An Icon of the Wild West Becomes a Secret New Yorker

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A northeastern coyote in a New York City park.

An animal long associated with wilderness is thriving as a city-dweller: coyotes.

The canids showed up in New York state around 1940, and moved into the Bronx just 10 years ago. Slightly larger than their western cousins, northeastern coyotes, or "coywolves," are thought to have descended from western coyotes who bred with wolves as they expanded their range eastward to avoid hunters in the West.  

For the past five years, the Gotham Coyote Project has been using camera traps triggered by motion and heat, to capture images of the elusive animal in the wild. The team has been able to document coyotes in the Bronx, where several family groups have been established, and a single coyote haunting part of Queens. (There have also been sightings in Manhattan.) 

"Very rarely as a wildlife biologist do you ever get to study something happening in real time," project co-founder Mark Weckel said. "My colleagues and I have the opportunity to look at this emerging story year after year."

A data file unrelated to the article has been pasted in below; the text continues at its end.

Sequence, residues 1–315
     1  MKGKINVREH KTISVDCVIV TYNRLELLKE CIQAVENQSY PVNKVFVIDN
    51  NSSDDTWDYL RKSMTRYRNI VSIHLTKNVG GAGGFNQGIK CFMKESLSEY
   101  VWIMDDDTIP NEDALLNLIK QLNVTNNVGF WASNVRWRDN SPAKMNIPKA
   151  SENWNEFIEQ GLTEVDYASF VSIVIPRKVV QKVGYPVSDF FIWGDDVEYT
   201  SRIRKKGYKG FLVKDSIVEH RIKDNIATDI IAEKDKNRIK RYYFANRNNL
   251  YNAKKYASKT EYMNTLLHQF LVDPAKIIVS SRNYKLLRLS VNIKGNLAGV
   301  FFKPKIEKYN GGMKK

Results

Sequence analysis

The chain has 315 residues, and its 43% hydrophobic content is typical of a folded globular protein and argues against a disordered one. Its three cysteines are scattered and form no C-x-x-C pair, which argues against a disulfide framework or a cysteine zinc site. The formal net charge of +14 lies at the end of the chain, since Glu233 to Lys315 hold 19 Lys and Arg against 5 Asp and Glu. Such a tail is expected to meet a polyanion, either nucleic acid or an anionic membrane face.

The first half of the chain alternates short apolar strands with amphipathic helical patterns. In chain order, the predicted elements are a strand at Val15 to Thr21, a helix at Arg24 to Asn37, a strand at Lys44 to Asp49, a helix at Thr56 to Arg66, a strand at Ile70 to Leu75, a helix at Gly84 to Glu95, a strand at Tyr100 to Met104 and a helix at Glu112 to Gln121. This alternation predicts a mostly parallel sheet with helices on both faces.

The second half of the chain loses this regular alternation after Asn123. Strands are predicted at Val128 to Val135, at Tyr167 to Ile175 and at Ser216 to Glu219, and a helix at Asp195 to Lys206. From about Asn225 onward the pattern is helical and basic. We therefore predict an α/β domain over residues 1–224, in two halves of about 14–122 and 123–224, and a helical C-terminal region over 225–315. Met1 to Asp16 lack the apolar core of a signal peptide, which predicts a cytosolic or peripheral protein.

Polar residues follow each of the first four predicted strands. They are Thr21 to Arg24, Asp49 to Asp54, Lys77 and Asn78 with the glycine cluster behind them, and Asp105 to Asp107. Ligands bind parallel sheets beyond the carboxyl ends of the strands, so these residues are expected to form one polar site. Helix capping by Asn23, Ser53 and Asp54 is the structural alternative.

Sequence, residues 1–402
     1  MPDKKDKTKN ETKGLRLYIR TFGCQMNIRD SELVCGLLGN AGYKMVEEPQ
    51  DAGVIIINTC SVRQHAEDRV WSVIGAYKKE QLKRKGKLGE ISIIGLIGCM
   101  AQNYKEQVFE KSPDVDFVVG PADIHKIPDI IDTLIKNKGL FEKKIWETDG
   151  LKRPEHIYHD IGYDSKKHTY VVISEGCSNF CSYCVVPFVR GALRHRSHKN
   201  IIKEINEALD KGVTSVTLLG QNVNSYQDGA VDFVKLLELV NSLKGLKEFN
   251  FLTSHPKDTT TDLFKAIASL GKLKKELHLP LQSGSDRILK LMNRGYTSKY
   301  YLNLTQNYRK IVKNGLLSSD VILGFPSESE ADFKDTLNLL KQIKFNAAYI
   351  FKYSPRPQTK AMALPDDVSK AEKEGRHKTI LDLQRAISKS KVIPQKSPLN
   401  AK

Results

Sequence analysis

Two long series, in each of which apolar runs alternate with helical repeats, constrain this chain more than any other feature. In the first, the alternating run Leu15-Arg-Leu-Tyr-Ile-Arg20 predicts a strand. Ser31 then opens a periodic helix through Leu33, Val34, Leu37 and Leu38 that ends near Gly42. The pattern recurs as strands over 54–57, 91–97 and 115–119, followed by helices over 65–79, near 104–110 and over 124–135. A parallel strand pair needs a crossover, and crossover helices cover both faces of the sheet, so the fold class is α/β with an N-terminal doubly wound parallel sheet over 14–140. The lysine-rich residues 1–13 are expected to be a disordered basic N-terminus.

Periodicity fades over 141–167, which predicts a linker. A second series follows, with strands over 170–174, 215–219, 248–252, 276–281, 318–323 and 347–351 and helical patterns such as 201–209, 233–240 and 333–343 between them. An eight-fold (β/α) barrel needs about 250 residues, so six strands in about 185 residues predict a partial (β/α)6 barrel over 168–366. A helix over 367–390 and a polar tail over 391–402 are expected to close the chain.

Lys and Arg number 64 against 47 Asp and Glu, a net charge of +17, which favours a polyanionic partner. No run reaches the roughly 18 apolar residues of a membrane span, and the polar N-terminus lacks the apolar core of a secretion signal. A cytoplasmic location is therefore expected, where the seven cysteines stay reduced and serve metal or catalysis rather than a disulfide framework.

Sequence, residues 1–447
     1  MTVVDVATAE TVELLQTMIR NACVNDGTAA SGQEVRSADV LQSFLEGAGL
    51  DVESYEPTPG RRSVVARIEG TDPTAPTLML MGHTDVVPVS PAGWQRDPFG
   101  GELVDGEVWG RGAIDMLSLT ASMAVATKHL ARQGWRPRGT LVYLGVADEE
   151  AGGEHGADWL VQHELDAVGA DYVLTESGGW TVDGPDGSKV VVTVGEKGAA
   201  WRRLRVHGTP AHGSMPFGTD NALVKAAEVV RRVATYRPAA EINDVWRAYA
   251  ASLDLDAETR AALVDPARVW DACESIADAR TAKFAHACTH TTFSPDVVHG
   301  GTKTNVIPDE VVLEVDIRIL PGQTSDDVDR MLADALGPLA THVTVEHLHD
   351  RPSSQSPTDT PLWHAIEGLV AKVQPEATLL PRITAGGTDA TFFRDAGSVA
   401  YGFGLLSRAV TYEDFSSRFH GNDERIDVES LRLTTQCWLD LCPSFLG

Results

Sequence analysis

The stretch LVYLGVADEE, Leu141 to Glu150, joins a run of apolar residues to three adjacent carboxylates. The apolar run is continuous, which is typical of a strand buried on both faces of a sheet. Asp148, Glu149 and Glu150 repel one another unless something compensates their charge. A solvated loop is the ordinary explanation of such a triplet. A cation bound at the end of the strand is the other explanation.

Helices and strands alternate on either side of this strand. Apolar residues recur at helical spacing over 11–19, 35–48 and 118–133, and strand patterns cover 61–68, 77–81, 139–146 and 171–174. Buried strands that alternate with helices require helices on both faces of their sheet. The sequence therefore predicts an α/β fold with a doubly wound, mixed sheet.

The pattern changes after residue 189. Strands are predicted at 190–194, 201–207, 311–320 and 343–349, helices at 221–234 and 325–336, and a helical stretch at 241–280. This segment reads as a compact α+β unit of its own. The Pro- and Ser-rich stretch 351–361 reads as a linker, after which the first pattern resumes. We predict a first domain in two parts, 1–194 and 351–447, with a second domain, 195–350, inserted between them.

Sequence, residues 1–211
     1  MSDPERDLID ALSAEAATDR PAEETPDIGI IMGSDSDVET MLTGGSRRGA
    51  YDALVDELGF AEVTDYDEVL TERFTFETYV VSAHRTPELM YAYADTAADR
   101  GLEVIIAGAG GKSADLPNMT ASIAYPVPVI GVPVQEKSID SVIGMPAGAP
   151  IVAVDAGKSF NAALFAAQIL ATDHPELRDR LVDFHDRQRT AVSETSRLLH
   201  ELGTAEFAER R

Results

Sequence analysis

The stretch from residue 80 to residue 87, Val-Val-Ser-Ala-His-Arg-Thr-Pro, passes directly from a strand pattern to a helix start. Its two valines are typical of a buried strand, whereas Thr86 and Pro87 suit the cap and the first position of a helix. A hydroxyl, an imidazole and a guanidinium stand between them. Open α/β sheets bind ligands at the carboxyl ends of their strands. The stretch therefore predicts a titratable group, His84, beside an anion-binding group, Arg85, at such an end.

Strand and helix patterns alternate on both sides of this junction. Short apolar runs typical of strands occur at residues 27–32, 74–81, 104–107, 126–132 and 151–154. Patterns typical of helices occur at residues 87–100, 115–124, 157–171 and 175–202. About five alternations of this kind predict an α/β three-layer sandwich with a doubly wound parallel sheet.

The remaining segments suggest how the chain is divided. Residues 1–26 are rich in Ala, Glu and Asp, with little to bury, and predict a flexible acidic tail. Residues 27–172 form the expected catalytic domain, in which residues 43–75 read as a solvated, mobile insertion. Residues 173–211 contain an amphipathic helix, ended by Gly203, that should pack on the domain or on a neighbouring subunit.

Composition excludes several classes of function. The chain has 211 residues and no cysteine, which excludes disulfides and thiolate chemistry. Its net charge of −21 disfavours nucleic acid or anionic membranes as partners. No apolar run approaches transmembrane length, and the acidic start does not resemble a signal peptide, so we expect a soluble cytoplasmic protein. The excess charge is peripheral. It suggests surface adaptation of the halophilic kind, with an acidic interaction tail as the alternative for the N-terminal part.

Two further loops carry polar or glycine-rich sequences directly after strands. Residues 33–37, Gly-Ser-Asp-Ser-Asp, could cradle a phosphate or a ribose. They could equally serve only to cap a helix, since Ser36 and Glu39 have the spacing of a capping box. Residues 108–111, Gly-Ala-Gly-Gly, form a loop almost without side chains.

So far one major mystery remains unsolved: how the coyotes get from one borough to another. In other parts of the country, coyotes have been observed using railroad tracks. But Weckel, who's also the manager of the science research mentoring program at the American Museum of Natural History, says it's not clear what transportation infrastructure, if any, are being used by the coyotes here. He says they're pretty strong swimmers, but more likely to cross a bridge if the opportunity avails itself.  

Still, he says, with so much wooded habitat there, it's likely a question of when, and not if, the coywolves will set up in Brooklyn and more broadly in Queens. 

The name "coywolf," though, can give people the wrong impression. While the coyotes do carry wolf genes that give them a bigger head and stronger jaw, Weckel says the animals are still mostly coyote.

"On average, about 60 percent of its genome can be traced to western coyote," he said, "and about 30 percent to wolves." (The rest of the genes presumably come from dogs.) 

A time lapse video made by the Gotham Coyote Project. 

You can see more about the coyotes and the effort to understand them on the PBS program “Nature: Meet the Coywolf."